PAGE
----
H-Diplo Roundtable- Maier, Among Empires [Bacevich] might summarize the argument thusly: Sure it looks, walks, and quacks like a duck, but since some people find the word duck offensive, well substitute terms like duckish or duck-like instead. I myself am not certain what this accomplishes.) In Americas Turn, Professor Maier actually identifies two American empires: the first, an Empire of Production and its successor the Empire of Consumption. (I rather like the dual construct, but let me confess my own biases: I find much in the first empire to admire it had plenty of faults but it also had substance; I view the second empire for the most part as fraudulent and loathsome). As an empire of production, the United States came into its own with the onset of World War II. The foundation of this empire consisted of Fordism (dominance in industrial manufacturing), unquestioned military superiority (above all in nuclear weapons), cheap energy, and economic policies emphasizing growth (and therefore reducing political friction) both at home and across the Free World. Two additional factors figured in the success of this empire. The first was the fact that the world war had either brought would-be competitors to their knees or left them badly weakened the Americans by 1945 had a clear field to reach for dominion. The second was a postwar moral constitution (p. 229) to which God-fearing, flag-waving, married-with-children, headed-for-the suburbs Americans subscribed. Above all, we had the money. In the twenty-years that followed V-J Day, writes Maier, Americans traded wealth for preponderance. (p. 225) The empire of production worked because we were rich and everyone else knew it. This empire reached its zenith, according to Professor Maier, around 1958. Shortly thereafter, it began to unravel. Within twenty years -- thanks to permanently negative trade balances, a crushing defeat in Vietnam, oil shocks, stagflation, and the shredding of the moral constitution that could not withstand the successive assaults of Elvis Presley, Betty Freidan, and hippie-dopsters, along with news reports that God had died it had become defunct. Out of the ashes of the empire of production sprang an empire of consumption. This new empire relies on subsidized agricultural exports, computer technology, a globally admired system of higher education, pop culture, and an insatiable appetite of debt-strapped Americans to acquire ever more stuff: houses, cars, boats, vacations, clothes, electronic gadgetry, and so on. American consumer demand became the crucial element fueling economic activity worldwide. Two additional factors undergirded this empire. The first was ideological selfconfidence, in essence, a conviction that history was the story of America liberating humankind. The second was vast or seemingly vast -- military power. Professor Maier doesnt go this far, but its pretty clear that the chief architect of the empire of consumption was Ronald Reagan. Reagan beguiled his fellow citizens with his talk of morning in America. Reagan funded the revival and redesign of U. S. forces in the wake of Vietnam. And Reagan the faux conservative added to our civic religion these two crucial beliefs: credit has no limits and the bills will never come due. Balance the books, pay as you go, save for

H-Diplo Roundtable- Maier, Among Empires [Bacevich] a rainy day: Reagans abrogation of these ancient bits of folk wisdom did as much to demolish Americas moral constitution as did sex, drugs, and rock-and-roll. At any rate, by the last decade of the 20th century, it was pretty apparent that instead of having most of the money, we now sat on a growing mountain of debt. To avoid confronting the implications of that debt, we stood conventional economic thinking the sort that had prevailed during the heyday of the empire of production on its head. Red ink used to be bad; now, we persuaded ourselves, it was good. In earlier times, selling at a profit held the promise of prosperity; now buying on credit became the key to personal fulfillment. Whereas thrift was once a virtue, now self-indulgence has become the thing: indeed, it forms part of Americas obligation to the global economy. Professor Maier explains an overarching economic logic at work in all of this. Other nations put up with our apparent profligacy in recognition of the public good (p. 267) produced by American hegemony expressed above all by an ongoing restructuring of the global economy. Underwriting American debt is the price that other nations have willingly paid to acquire the manufacturing jobs American stockholders, if not American workers, wished to distribute abroad. (p. 267). From a U. S. perspective, this jobs-for-debt exchange ensure[s] domestic consumption and the smooth conversion to service and distribution occupations at home in return for diffusing sites of industrial and, increasingly, service employment abroad. (p. 274) Maybe so although Im not sure that the typical displaced American factory worker finds the conversion to service and distribution occupations quite as smooth as that quotation implies. (Besides, service and distribution sounds like a choice between working the counter at McDonalds or the warehouse at Wal-Mart). And you dont need to be a raving populist to wonder why its the stockholders rather than the working stiffs who are gung ho about exporting jobs. I dont mean to imply that Professor Maier is oblivious to the human and moral questions involved hes not but he appears to find the mere survival of these imperial arrangements reason enough to give them the benefit of the doubt. As he notes, the empire of consumption could continue to function only insofar as it was not considered exploitive by too many participants. (p. 276). Perhaps, but personally Id liked to get a more detailed assessment as to whether the empire of consumption is indeed making it more or less likely that the peoples of poorer nations will share in, or be excluded from, economic development and welfare. And Id also like to gauge its impact on the poorer people and even the not-so-poor people -- of our own nation. Then there is the security question: Does an American empire make world politics more peaceful or more violent? The argument that the empire produces peace and security rests on a specific evaluation of U. S. military power. What gave America its hegemonic military luster, Professor Maier writes, was its unparalleled capacity for the projection of force from a distance and with superb accuracy. (p. 254) In the aftermath of the Cold War, so-called full spectrum dominance was endowing the Pentagon with the ability to police the world, a common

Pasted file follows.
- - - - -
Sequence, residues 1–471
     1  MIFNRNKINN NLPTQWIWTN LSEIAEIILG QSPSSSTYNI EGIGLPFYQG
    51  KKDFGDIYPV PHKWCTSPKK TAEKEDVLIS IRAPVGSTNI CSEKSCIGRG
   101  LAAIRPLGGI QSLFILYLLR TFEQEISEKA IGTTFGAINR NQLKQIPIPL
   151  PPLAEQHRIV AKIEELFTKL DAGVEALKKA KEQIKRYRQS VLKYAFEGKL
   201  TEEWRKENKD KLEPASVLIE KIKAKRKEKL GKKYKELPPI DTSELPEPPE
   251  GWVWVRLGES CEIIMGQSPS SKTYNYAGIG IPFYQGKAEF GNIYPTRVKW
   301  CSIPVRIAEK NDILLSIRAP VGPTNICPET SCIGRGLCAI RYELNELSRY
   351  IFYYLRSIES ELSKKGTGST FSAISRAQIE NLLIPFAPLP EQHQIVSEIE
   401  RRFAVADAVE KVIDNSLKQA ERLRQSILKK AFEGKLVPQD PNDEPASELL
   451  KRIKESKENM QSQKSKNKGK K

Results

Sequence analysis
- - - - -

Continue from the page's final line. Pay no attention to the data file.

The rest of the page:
H-Diplo Roundtable- Maier, Among Empires [Bacevich] recognition of American military invincibility reassuring law-abiding nations even as it intimidated would-be troublemakers. Alas, events have exposed full-spectrum dominance as something of a fantasy, an aspiration perhaps but not a reality. The reality turns out to be more disconcerting: in places like Iraq and Afghanistan, determined insurgents equipped with post-World War II vintage weapons have denied the Americans victory and exposed the very real limits of our ability to impose our will or even to sustain a military campaign. (Under the moral constitution that supports the empire of consumption, fighting and dying for ones country has become a matter of individual choice, one that attracts only a limited number of volunteers). We are not invincible: that is the verdict already rendered by the wars launched on behalf of peace and security in the aftermath of 9/11. The implications of that verdict deserve more consideration than Professor Maier provides. Finally there is the ideological or political question. Does empire safeguard or subvert our domestic institutions? In his concluding chapter -- unless I am misreading him -- Professor Maier contents himself with ambivalent speculation. One the one hand, he writes, the choice of empire could exacerbate social inequality, further distort the separation of powers, and render elections all but meaningless. On the other hand, empire might well encourage cosmopolitanism and allow an ever more diverse society to persevere in growing acceptance of multiculturalism. (p. 294) Empire could even facilitate intervention abroad against human rights abuses and renew the American commitment to spread democracy outside the United States. (p. 294) Without meaning to be disrespectful, this is not good enough. The United States has pursued its duckish or duck-like course for many decades now. The arrangements that Professor Maier describes as an empire of consumption have existed at least since the 1970s. There is no need to speculate on how empire might affect American democracy; there is every need to assess how empire has affected and is affecting our democracy the evidence continues to accumulate before our eyes. So come on, Professor Maier, give it to us straight.